I have one ancestor of the Roemmich family who migrated to the American Colonies [USA]. about 1710. Her name was Anna Elizabeth, nee Spohn, Geringer who   remarried Hans Peter Frank in 1683 . With her husband his children they migrated to Chester County, Pennsylvania [USA}.

See Roemmich migration from Edenkoben list.

In LDS library there is a list of emigrants titled "1833 thru 1906 Palatine Emigrants From Edenkoben (in Rheinland Pfalz, West German) To North America " created by the Palatatines to America, Pennsylvania Chapter,  #943.3, W2K. The Edenkoben minster Kuby who helped with the research is des. of Roemmich family of Edenkoben..

Migration in Early 1800s

In 1789 the French Revolution began.

In 1791 in the Castle of Pillnitz, Saxony, the Pillnitz Declaration was issued by Emperor Leopold II and the Prussian King Frederick Wilhelm II "the Great" who were calling all European powers to restore Louis XVI to his full authority as king of France. It was this declaration the French revolutionaries waved as they declare war on the rest of Europe and thus began what historians called the Revolutionary Wars.

The French troops invaded the the Palatinate in 1796..... 

It wasn't until 1809 that a group of my ancestors fled the French invaders  and migrated from Palatinate  to Russia to a colony known as Worms some sixty miles from the Black Sea Port of Odessa.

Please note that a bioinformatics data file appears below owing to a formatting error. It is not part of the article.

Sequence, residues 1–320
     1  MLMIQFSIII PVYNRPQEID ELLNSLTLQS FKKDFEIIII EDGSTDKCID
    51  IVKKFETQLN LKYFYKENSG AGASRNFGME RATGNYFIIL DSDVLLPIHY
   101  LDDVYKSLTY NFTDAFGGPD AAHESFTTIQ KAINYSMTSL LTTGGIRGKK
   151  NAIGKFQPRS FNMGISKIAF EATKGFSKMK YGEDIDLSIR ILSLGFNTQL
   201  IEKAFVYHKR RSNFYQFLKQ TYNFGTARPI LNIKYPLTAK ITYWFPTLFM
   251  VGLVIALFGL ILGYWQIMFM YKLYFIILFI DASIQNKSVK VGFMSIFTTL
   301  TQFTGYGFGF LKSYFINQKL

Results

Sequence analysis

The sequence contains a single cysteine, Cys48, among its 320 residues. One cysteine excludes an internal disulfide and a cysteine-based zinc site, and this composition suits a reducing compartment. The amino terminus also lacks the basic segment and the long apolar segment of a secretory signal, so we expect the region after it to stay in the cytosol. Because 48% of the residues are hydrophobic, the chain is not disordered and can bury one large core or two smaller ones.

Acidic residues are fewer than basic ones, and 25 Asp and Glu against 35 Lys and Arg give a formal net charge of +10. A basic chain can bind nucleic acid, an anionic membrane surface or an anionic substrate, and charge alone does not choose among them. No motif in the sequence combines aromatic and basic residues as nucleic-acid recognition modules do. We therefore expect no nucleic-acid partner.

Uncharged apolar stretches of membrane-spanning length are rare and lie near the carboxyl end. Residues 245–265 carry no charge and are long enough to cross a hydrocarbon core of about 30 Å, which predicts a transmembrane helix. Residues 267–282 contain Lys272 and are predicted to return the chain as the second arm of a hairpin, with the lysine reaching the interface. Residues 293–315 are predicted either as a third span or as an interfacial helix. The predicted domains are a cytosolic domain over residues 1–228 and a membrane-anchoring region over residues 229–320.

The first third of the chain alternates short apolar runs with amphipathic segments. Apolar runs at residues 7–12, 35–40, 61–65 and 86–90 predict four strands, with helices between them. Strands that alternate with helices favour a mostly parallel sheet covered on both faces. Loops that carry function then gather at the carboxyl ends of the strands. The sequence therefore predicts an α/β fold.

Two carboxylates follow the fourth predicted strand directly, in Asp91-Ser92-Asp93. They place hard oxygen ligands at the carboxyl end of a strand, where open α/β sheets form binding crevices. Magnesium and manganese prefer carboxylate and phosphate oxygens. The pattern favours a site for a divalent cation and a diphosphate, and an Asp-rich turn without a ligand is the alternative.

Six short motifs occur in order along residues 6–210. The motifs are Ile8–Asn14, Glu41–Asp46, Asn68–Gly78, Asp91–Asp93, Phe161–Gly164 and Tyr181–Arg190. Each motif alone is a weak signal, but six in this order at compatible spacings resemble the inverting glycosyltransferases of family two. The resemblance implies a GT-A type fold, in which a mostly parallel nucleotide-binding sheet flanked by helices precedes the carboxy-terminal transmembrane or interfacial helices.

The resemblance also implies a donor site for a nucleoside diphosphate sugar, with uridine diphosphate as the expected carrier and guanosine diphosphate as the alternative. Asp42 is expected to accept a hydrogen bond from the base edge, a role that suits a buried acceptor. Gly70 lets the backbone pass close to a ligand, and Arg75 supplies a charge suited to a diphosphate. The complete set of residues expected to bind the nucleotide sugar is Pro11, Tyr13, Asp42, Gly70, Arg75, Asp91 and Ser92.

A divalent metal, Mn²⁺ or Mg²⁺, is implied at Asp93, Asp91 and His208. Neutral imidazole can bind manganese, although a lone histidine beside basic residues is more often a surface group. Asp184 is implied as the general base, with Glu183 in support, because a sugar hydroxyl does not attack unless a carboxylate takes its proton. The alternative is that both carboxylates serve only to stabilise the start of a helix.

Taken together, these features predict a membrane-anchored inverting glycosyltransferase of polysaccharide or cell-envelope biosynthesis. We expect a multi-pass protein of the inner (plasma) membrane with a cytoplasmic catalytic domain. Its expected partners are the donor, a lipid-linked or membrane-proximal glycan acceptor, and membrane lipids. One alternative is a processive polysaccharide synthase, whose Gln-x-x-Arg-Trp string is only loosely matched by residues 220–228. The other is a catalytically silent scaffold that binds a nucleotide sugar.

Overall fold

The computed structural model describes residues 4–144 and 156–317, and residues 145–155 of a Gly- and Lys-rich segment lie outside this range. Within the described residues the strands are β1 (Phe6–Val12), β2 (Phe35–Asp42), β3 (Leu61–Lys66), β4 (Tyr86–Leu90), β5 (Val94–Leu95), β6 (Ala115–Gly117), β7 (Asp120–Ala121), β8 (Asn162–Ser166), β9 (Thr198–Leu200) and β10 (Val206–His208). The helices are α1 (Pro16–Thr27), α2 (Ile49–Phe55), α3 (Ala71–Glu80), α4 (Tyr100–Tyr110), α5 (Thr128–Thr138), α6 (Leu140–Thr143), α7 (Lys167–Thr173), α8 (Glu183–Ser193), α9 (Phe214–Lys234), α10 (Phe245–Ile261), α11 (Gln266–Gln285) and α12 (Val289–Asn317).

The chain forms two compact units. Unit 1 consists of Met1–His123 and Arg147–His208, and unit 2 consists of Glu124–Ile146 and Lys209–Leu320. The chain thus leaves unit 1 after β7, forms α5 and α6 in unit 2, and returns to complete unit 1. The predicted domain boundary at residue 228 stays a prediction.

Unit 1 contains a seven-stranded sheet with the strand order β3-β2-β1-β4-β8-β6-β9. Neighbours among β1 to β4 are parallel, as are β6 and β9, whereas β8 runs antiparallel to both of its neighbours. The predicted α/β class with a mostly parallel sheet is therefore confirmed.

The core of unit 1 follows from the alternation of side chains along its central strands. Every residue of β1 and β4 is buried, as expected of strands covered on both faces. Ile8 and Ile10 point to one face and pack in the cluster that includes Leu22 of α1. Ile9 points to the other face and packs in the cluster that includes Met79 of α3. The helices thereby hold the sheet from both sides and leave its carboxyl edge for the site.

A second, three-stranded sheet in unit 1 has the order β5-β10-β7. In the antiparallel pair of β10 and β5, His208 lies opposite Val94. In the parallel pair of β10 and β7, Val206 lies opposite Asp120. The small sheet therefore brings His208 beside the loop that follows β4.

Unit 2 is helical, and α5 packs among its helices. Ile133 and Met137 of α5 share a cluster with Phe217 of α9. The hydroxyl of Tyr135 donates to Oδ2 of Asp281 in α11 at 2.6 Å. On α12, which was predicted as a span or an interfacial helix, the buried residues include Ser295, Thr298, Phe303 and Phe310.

Palatine Festivals and Customs

An excellent book on German Festivals and Customs by Jennifer M. Russ.


Palatine Language

The Palatines spoke German.  But which dialect? The German language was  divided into three main groups: "Mitteldeutsch" [middlelander German] "Niederdeutsch" [lowlander German] and Oberdeutsch [highlander German]. As you have probably concluded, the German language is divided into geographical areas: (1) the middlelanders were in the middle of Germany which includes Rhineland-Palatinate, Northern Bavaria, Hessen, Saxony and Thueringia which are hilly and with forests; (2) lowland are the flatlands; (3) highland is the mountainous regions of Southern Bavaria and Austria....